The Fighter V. The Wrestler: Round Three

THE BOUT FOR NOUT
Round Three
Narrative


The Fighter’s narrative is one of second, nay last chances, hard work and tough lives in Boston.  It’s a true story which helps in a lot of ways, in some ways it’s very much the Raging Bull on the contemporary cinematic age regardless of whether Wahlberg and co want to Rocky-fy it by making a sequel.  It doesn’t just tell a sporting story, it tells a dramatic story.  The problem with the narrative is that it’s the supporting narrative that’s more interesting.  Ward’s story should go on to the championship defence and an epic battle but in reality he lost that bout so the triumph must come with his win overseas.  It’s still an amazing story but not uncommon in pugilism.  Dicky’s story is the heart and soul of the movie, the one time great fighter lost to himself in a sea of drugs who manages to battle back from the brink.  He knocked down Sugar Ray, he knocked down addiction, there’s little he can’t defeat but with the focus on Micky it’s a story wasted, and it’s a shame.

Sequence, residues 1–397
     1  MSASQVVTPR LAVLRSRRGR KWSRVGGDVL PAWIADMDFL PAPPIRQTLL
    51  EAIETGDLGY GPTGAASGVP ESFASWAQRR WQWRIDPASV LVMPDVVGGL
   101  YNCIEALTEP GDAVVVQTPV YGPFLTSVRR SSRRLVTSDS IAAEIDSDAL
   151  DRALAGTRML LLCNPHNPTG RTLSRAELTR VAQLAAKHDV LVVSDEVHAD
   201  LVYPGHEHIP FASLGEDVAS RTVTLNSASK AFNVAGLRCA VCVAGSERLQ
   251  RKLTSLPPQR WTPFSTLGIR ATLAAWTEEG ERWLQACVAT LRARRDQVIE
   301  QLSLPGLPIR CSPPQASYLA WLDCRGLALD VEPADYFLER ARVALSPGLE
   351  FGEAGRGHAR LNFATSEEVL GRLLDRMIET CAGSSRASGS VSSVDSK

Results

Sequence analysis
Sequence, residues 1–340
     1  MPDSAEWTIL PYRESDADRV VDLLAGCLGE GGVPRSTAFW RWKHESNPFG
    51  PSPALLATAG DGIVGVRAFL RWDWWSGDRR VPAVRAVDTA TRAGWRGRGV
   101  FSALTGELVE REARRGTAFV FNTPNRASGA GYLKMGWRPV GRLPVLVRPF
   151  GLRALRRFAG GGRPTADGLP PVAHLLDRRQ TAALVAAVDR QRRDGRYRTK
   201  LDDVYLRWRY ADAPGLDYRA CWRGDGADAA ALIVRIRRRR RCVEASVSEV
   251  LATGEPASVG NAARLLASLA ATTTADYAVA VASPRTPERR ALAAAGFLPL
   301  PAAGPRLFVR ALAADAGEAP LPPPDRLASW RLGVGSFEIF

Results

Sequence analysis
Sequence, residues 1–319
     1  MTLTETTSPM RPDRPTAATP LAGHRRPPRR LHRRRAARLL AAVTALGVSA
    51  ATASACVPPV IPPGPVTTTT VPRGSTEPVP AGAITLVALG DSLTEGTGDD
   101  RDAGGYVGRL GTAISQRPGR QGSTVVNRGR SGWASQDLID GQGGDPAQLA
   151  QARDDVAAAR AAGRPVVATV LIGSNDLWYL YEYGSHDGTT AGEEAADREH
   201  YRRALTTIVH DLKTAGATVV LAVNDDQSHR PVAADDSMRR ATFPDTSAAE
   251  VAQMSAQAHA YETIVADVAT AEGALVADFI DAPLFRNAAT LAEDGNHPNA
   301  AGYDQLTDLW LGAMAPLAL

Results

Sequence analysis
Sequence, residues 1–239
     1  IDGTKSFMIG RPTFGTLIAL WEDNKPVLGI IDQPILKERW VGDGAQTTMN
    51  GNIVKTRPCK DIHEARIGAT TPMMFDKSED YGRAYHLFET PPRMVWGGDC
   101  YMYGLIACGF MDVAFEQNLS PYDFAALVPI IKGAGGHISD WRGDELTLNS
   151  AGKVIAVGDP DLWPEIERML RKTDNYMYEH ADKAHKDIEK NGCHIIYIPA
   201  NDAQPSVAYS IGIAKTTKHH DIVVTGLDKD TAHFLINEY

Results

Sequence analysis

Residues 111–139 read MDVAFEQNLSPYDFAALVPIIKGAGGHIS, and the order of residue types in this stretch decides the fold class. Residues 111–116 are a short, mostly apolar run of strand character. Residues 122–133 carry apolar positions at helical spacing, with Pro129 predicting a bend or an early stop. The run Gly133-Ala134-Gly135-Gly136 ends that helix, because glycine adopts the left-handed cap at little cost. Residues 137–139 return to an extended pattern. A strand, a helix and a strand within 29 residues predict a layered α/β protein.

Where The Fighter is based on a real story The Wrestler is a piece of fiction.  A life long wrestling fan Aronofsky signalled his desire to make a combative squared circle picture to his writer while making The Foundation and ironically what they came up with was more Raging Bull than it’s generational comparison.  It’s a tragedy in spandex, it’s high quality Shakespeare with suplexes.  The complexity of Randy’s life, the contradiction of his professional versus personal realms and the sheer heartbreak that he’s a man who can only hold it together long enough to see it crumble is truly amazing.  You cheer, you cheer as much when he’s on the street as when he’s in the ring.  You want it to work out for him and the reason for that is that Robert D. Siegel penned an incredibly emotive piece of fiction that dances with the odd cliché but dines with the gods.

Both films will have you on the end of your seat but it’s The Wrestler’s great tragedy that wins across audiences.  The Fighter is a great tale, greater all the more for being true but the truly excellent story here is Dicky’s.  Randy “The Ram” is a classically flawed hero, doomed to destruction by his own inability to adjust with the changes and ravishes of time.



The Fighter 1 - 2 The Wrestler

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